At the end at least in our screening there were applause ofappreciation to Ken to show how well he has done to make this look soreal.
From Britain to China, workers' very own solidarity is their social security
This movie caught me by my heart, like every other piece by Laverty-Loach cooperation. It is not a thriller, there are no twists, no peaksof emotions. It shows the naked reality of our everyday lives with itsgreat pains and humor at the same time. But, the “banality” of thesegreat pains is the strength of the movie, it shows how every encounterwith the system is the time we face the reality of the system and lookfor someone who will give a hand us to survive it. Of course, this ismostly valid for the working class. The film softly depicts that it isnot a socialist propaganda, because when truly shown the reality itselfunveils as a socialist propaganda.
But the film is not another documentaristic presentation of theeveryday life of a worker, as it also shows how to cope with all thesewe experience. It is the formation of a solidarity with others like us,the woman in the queue, the Chinese in the factory, the black in thewarehouse, the clerk at the office… We are already connected, evenwith those in other continents. Once we see someone shouting with hiswriting on the wall, we should shout with him with our voice. If one ofthem writes a letter, another should spread its word.
A shot in the head of the Britain’s social security system, a greatcall for solidarity.
Not one of Loach's best efforts
Daniel Blake (Dave Johns), a 59-year old heart attack victim who istrying to collect welfare in the city of Newcastle, England comes upagainst a dehumanizing system that seems to be out to thwart him atevery step of the process in I, Daniel Blake, British director KenLoach and his long time scriptwriter Ken Laverty’s latestcollaboration. Winner of the Palme d’Or at the 2016 Cannes FilmFestival, the film has a social conscience and does not hesitate topull out all the emotional stops, but is unfortunately undercut by anexcessive amount of speech making, contrived situations, andsentimentality. Performed by British stand-up comedian Dave Johns, thefilm is guaranteed to bring laughter, tears, and also anger at thesystem’s coldhearted bureaucrats who know about rules and regulationsbut not so much about people’s needs.
The film opens with a black screen. Slowly, we begin to hear a manbeing interviewed by a woman who identifies herself as a health-careprofessional. Having to answer lame questions about his cognitiveabilities and motor skills but nothing about his heart, Dan tells theinterviewer, “We’re getting further and further away from my heart.” Hehas been told by his doctor that he is not ready to go back to work andhas applied for an Employment and Support Allowance, a stipend paid tothose unable to work because of a disability. Unfortunately, thegovernment concludes that he is fit for work, forcing him to appeal tothe “decision maker” to change the ruling.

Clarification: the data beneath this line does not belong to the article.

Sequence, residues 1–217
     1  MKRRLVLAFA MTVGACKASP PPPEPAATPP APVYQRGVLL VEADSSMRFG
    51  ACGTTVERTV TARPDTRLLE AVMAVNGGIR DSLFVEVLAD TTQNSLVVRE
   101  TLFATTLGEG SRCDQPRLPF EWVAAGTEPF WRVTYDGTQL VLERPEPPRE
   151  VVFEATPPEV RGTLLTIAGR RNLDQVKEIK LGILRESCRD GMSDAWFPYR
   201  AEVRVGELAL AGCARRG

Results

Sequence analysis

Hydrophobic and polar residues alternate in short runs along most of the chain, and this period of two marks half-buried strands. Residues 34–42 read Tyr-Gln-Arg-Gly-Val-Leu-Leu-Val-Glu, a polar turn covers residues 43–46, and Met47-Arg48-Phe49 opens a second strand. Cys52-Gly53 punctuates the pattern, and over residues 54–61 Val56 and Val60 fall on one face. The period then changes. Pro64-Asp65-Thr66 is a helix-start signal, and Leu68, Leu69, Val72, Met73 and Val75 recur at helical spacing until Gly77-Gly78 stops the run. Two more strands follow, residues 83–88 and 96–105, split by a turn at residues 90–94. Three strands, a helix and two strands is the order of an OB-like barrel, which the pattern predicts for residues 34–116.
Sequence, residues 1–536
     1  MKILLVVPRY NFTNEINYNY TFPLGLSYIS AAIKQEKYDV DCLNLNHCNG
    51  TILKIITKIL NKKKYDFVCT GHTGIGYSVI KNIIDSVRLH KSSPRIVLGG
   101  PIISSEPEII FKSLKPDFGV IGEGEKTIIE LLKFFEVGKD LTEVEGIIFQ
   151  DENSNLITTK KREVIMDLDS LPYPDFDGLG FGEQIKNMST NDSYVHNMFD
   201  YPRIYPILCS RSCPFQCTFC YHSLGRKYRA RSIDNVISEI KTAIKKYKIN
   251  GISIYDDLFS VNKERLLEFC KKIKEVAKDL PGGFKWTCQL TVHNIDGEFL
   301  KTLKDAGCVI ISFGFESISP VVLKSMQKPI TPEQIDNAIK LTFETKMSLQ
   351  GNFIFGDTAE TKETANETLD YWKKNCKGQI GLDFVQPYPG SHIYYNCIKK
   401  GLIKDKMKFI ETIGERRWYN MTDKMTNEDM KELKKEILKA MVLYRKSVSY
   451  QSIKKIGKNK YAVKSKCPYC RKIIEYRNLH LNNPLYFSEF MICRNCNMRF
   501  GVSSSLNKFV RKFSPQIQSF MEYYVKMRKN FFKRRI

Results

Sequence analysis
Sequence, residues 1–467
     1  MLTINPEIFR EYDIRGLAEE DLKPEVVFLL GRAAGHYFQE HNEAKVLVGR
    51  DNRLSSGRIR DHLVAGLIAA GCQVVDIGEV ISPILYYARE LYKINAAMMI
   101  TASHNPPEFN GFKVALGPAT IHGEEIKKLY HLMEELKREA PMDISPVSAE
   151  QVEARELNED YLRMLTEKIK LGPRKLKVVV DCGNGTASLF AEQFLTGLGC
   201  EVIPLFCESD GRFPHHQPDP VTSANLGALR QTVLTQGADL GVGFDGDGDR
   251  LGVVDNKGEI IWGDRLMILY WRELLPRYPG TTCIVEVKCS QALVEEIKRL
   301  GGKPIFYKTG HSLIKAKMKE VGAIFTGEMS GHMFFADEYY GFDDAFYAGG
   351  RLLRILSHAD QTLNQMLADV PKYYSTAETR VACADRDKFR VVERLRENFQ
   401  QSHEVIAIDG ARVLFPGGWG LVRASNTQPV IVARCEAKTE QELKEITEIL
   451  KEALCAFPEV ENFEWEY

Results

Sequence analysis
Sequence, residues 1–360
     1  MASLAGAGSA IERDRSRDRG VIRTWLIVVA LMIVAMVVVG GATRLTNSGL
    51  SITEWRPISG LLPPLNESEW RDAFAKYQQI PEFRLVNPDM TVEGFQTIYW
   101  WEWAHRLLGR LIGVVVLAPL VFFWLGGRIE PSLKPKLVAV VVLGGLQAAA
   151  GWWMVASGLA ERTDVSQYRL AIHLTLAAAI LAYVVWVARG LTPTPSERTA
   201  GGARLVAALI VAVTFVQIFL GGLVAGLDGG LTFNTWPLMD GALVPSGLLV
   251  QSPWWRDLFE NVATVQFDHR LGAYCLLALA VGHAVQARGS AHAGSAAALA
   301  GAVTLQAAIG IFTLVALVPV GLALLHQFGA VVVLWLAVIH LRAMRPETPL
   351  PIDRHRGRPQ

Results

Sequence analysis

Forced to jump through a set of hoops just to earn the right to appeal,Dan must prove that he has spent 35 hours a week looking for work.Applying for Jobseeker’s Allowance and not being computer savvy, he hasto seek help just to learn how to use a mouse. When he meets Katie(Hayley Squires), a young single mother with two small children (BrianaShann and Dylan Phillip McKiernan) who has just come from London and isin need of assistance, the story becomes about people working togetherto provide mutual support in dealing with a faceless bureaucracy.
Dan and Katie become friends with Dan offering moral support and usinghis carpenter skills to make her flat more livable. Katie looks forwork as a cleaner, sacrifices food to make sure her children are fed,and is even forced to work briefly as a call girl. One of the mostheartbreaking scenes occurs at a visit to the local Food Bank whenKatie has a breakdown after opening and eating a can of baked beans,but both are resilient and determined not to let the system crush them.
I, Daniel Blake, without question, comes from a good place and Blakecaptures our allegiance with his grumpy determination, kindness andconcern for others, but there is little room here for nuance, balance,or objectivity. The film exists to make a point and everything else issubordinate to that. Though the performances are first-rate and Johnshas perfect comic timing, I, Daniel Blake is not, in my view, one ofLoach’s better efforts.
A wake up call for Tory Britain. Brilliantly satirises our hateful benefits system.
Ken Loach does it again.
If you know Ken Loach (and importantly his writing partner PaulLaverty) you’ll know I, Daniel Blake.
It’s a nightmare.
A total nightmare.
Life on poverty line Britain that is.
And Loach hammers this home with gusto.
He chooses Newcastle as his latest political landscape, partly because”it’s grim up North” but also because, in my experience, Geordies arethe salt of the earth; kind, lovable folks. And this is the mainemotional driver of this nightmare.
Daniel Blake is caught in a trap.
A bureaucratic hell populated by “computer says no” mini Hitlersoccupying mainly minor roles in the Jobseeker hell that is ToryBritain. In a bid to out ‘scroungers’ the system has eaten itself andis spitting out vulnerable pitiful fodder like Daniel (played deeplysympathetically by comedian Dave Johns. He’ll never win an Oscar butthis part was made for him) and the lovable but deeply vulnerable Katie(played equally well by Hayley Squires – Call the Midwife).
He’s had a heart attack and his doctors say he can’t work but theBenefits Police say he has to go on jobseeker allowance and look forwork or lose all entitlement to any money AT ALL.